Abu Dhabi has witnessed a six per cent drop in its average residential rents in the third quarter compared to the previous one mainly due to a rapidly increasing housing inventory across the emirate, according to a report.
As residential rental rates continue to fall in the emirate, location and age-specific factors are becoming increasingly important for occupiers in determining fair rental value, said the CBRE in its Q3 market review for Abu Dhabi.
During the second quarter, a total of 1,516 buildings were completed in the emirate, with 68 per cent situated in and around Abu Dhabi itself, and the remaining completions split between Al Gharbia (23 per cent) and Al Ain (9 per cent), .
This is resulting in an ever-growing disparity between primary and secondary locations and between new and ageing properties, the report added.
A recent report from the Abu Dhabi Statistics Centre (ADSC) highlighted a growing number of development completions in the emirate with the majority incorporating residential products (75 per cent).
The ADSC report also indicated that 3,302 residential units were completed in the second quarter, up 17 per cent from 2,816 in the first quarter, reflecting a significant residential development pipeline.
The rapidly increasing housing inventory is creating greater affordability for residents as average rental rates remain fixed on a downward track. This is also having a knock-on effect on inflation, which has been maintained at low levels for much of the past year, the CBRE pointed out in the report.
Newly-delivered luxury properties such as Etihad Towers, Eastern Mangrove Residences and St. Regis Residences continue to achieve impressive rental rates, with solid occupancy and strong corporate demand helping to underpin rates, despite notable downside across the majority of housing projects.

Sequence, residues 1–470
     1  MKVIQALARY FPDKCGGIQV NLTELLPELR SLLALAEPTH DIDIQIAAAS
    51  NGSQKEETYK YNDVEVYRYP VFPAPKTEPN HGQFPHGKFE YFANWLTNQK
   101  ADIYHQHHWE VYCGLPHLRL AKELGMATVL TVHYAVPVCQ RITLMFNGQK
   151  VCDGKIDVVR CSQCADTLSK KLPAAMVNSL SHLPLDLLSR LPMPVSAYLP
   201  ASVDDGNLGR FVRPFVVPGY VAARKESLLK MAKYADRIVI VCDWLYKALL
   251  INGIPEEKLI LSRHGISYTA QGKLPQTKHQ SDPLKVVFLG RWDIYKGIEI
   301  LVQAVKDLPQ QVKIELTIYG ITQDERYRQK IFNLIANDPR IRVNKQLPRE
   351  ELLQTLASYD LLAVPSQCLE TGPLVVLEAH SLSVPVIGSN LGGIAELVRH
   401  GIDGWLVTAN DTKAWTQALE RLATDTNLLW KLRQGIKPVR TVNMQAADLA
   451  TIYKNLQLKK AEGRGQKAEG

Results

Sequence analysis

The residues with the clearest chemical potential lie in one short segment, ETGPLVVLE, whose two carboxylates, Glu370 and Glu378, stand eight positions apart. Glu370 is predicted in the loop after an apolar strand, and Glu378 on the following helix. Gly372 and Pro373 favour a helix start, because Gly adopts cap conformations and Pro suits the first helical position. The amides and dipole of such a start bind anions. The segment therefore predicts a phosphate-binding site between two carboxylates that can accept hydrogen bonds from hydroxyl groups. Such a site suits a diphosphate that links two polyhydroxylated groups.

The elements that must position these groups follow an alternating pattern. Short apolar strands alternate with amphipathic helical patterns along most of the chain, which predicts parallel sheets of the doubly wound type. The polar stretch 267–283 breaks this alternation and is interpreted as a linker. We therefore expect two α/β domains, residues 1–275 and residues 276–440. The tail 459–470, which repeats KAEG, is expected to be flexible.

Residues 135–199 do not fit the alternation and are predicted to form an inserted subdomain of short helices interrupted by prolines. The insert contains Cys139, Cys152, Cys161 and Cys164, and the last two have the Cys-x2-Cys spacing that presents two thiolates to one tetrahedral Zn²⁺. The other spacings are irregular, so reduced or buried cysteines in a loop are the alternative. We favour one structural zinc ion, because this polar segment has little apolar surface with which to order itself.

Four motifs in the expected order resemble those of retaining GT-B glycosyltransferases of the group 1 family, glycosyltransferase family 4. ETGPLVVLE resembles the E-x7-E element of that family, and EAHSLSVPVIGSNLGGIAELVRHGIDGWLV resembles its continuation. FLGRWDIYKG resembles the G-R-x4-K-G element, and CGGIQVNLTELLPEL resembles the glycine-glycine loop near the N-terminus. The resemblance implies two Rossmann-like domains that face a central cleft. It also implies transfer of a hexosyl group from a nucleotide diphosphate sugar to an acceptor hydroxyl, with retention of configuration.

“However, as the market awaits further delivery of high-end offers from World Trade Center Residences, Nation Towers and Landmark Tower, we may expect to some gradual softening of rents as competition increases.”
“This will provide a good indication of the sustainability of the luxury market, which has historically been an undersupplied segment of the housing inventory in Abu Dhabi,” said the report.
Overall, average residential rents have dropped 6 per cent from the previous quarter. It is apparent that a highly fragmented landscape exists with selected areas and developments outperforming the wider market.
“This is reflected strongly in our analysis of rental performance, with some properties seeing static rents, whilst others have experienced declines of between 3 – 9 per cent. At this point in the development cycle we see no immediate end to this trend with better quality inventory entering the market, adding pressure to ageing and/or inferior units,” said the expert.
Despite improving conditions in Dubai and the general reduction in rental rates in Abu Dhabi, the capital’s properties are still found to be slightly more expensive than in Dubai.
For instance, the average annual rent for a studio in Dubai is now slightly under Dh40,000($10,887) per unit as compared to Dh45,000 ($12,248) for a similar property on the main island of Abu Dhabi.